UK prime minister, oil leaders discuss challenges
UK Prime Minister Gordon Brown and his chancellor Alastair Darling have met with oil industry leaders in Aberdeen to discuss methods of controlling soaring fuel prices.
LONDON, May 28 -- UK Prime Minister Gordon Brown and his chancellor Alastair Darling have met with oil industry leaders in Aberdeen to discuss methods of controlling soaring fuel prices.
Brown warned that high oil prices were here to stay because global demand was outstripping supply over the long term. Members of the British legislature and the general public have called for policy changes on road and fuel taxes to help families and to thwart protests by the haulage industry that have disrupted traffic and increased pressure on Brown to address the problem.
The oil group focused on how investment decisions are made for projects on the UK continental shelf and analyzed various measures for advancing oil and gas developments and enhancing recovery from existing fields.
Oil and gas production in 2007 was 2.8 million boe/d, down from production of 4.2 million boe/d in 2001. The UK is estimated to have as much as 25 billion boe left to produce.
Malcolm Webb, chief executive of offshore trade association Oil & Gas UK, which met with Brown and Darling, said, "This was a highly constructive engagement, and the proposals discussed could have a significant impact on the near-term production. We look forward to continuing our discussions with government to develop these ideas."
But the subsea operators also called on Brown to acknowledge their contribution to developing and producing the country's resources. David Pridden, chief executive of Subsea UK, said, "With almost half of North Sea production now coming from subsea wells, the subsea sector has a significant role to play in more efficiently extracting the remaining hydrocarbons in the UKCS."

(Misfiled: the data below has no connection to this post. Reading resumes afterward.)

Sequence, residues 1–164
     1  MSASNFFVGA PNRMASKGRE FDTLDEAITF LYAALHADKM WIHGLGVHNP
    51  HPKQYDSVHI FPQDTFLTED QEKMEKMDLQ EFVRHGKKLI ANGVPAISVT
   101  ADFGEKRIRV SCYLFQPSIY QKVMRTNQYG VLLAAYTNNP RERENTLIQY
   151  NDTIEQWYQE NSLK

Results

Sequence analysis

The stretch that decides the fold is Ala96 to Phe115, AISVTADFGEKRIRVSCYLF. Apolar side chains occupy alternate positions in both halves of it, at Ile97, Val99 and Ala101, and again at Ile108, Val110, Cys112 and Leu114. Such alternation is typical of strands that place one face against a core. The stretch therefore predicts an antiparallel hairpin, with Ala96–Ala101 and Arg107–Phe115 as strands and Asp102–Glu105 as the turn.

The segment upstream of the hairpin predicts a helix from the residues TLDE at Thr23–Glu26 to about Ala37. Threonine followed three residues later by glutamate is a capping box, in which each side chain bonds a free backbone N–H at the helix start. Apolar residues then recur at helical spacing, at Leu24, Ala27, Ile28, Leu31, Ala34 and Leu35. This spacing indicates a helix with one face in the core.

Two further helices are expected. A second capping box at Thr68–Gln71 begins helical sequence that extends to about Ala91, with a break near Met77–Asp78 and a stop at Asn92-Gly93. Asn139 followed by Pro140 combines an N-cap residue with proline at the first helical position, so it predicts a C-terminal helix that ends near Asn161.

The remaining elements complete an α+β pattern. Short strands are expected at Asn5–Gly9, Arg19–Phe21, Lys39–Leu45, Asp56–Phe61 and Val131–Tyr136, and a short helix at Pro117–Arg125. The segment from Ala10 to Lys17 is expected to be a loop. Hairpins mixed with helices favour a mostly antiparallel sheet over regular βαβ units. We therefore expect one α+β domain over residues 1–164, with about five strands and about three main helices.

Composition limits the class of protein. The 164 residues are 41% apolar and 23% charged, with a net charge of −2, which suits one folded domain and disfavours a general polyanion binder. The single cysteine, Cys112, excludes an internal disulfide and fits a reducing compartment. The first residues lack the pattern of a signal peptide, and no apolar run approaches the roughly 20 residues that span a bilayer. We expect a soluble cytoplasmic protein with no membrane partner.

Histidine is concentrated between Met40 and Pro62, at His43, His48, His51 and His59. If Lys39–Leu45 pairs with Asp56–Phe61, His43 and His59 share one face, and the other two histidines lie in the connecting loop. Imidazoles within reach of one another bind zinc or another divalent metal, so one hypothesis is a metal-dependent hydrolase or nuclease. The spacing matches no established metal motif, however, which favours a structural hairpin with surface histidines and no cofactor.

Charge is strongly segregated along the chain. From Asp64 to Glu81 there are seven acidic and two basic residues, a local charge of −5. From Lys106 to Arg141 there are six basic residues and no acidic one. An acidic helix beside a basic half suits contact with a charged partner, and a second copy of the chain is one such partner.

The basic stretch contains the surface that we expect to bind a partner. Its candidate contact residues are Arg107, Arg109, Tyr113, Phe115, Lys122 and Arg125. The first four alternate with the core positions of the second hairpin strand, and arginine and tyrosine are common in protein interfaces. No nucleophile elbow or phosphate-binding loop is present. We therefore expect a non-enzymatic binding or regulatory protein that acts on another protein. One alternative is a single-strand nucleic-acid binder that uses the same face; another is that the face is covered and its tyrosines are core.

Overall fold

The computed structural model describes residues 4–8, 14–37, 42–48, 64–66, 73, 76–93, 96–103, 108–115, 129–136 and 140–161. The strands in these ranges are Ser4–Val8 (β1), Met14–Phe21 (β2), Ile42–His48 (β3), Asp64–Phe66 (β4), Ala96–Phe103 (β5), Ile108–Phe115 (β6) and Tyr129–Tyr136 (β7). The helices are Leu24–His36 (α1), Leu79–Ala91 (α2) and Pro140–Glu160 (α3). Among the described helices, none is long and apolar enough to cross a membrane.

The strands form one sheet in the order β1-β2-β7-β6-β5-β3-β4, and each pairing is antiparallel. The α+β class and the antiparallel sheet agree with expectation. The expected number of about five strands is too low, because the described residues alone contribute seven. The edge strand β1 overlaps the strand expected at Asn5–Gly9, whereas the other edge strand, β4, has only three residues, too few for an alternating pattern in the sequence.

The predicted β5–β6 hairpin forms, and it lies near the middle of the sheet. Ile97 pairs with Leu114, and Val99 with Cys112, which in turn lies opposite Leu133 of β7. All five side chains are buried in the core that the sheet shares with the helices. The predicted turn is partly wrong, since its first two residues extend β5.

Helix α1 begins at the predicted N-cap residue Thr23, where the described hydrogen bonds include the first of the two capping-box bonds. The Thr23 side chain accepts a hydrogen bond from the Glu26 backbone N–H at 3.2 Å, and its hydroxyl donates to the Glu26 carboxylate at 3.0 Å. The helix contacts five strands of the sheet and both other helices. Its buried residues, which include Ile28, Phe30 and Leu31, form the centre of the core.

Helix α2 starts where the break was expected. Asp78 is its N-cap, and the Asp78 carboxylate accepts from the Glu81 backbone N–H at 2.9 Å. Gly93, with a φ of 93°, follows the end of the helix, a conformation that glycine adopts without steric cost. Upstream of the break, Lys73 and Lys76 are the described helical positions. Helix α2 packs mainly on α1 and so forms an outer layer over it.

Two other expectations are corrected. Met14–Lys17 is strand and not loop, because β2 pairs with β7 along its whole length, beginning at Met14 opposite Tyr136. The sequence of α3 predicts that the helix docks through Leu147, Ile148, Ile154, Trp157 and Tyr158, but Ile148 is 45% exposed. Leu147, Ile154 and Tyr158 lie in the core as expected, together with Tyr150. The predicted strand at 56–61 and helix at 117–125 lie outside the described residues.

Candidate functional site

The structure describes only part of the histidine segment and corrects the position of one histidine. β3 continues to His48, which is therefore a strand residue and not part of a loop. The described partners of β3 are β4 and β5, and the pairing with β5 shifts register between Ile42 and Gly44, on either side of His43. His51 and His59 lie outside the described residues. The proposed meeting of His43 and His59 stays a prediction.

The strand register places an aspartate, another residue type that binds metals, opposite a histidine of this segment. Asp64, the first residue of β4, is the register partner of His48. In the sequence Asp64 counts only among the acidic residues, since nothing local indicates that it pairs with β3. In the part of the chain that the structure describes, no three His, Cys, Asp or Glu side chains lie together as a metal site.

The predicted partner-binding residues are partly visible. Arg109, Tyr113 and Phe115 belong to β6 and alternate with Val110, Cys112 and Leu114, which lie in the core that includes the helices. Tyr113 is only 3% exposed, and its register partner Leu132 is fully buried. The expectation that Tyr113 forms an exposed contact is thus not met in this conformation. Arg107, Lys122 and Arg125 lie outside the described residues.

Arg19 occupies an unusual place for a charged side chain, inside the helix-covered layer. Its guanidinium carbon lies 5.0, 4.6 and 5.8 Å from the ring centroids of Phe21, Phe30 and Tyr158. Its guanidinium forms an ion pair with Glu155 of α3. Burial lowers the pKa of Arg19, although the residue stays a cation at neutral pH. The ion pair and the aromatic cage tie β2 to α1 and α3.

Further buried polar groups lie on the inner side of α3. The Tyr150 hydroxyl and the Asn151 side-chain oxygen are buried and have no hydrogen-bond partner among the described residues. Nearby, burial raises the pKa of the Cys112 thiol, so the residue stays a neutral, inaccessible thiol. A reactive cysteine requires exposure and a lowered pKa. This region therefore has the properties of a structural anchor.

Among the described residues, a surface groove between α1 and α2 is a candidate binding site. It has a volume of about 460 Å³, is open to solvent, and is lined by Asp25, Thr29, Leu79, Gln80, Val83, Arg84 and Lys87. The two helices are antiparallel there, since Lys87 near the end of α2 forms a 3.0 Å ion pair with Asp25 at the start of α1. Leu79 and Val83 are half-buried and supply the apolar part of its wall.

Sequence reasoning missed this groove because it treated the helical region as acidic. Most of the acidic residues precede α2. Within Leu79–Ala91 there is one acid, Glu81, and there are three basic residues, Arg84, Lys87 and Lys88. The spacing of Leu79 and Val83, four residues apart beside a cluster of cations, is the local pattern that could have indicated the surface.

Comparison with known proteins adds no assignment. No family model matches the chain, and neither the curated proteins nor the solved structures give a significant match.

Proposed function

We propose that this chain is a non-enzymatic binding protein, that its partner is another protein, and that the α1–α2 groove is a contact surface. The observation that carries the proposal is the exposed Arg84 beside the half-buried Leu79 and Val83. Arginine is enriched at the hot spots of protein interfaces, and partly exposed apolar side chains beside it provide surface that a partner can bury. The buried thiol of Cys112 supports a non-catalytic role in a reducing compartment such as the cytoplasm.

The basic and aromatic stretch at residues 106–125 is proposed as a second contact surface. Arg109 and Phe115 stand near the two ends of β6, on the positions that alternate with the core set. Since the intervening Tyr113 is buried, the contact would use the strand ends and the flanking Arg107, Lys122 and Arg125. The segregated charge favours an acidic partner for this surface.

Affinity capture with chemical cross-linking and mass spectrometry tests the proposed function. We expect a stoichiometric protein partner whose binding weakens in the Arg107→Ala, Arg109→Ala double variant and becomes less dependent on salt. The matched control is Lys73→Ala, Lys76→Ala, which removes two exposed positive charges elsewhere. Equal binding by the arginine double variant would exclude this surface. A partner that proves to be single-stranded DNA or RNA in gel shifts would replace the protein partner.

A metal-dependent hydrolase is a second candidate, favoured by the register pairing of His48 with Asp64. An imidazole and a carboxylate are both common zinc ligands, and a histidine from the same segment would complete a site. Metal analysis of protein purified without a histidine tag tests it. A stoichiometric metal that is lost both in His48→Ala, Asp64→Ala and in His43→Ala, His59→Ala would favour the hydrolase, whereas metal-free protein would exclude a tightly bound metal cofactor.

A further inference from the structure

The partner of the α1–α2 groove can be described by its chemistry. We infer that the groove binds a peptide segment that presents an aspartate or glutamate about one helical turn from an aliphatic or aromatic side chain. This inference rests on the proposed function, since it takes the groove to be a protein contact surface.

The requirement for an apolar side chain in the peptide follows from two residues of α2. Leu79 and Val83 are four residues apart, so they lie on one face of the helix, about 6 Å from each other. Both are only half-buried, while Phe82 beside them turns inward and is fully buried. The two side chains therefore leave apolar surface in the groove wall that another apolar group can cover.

Pridden said more government support was needed for the offshore industry, which he said could add "a further 10-15%" of reserves from the UKCS in the next few years, "i.e., a further 2-3 billion boe." Last year the UK subsea industry generated £4.3 billion in revenues.
Brown wants the issue of high oil prices on the agenda for the Group of Eight summit in Japan. He's also pressing the Organization of Petroleum Exporting Countries to increase its production.
The Department for Business, Enterprise, and Regulatory Reform (BERR), which grants licenses for the UK North Sea, has unveiled changes in its licensing regime to increase production. Secretary of State John Hutton said another 20,000 b/d of peak oil could be produced from 30 fields that would be created by carving them out from unprofitable areas of some existing fields.
"The change will mean production from these new fields would be unaffected by Petroleum Revenue Tax," BERR said.
BERR received 193 applications covering 277 blocks in its 25th Offshore Licensing Round, the highest number since 1974. The round closed on May 22. The government has also just launched 97 new licenses—a record number—through the 13th Onshore Round.
A spokeswoman from OGUK told OGJ that the association has been talking to the Treasury for the past year seeking reform of the tax regime to attract investment. Talks are expected to close by the end of June. "We have been looking at targeted incentives to promote the West of Shetlands, for example, which is remote and technically challenging. Right now the group can't develop it because it isn't commercially viable," the spokeswoman said.
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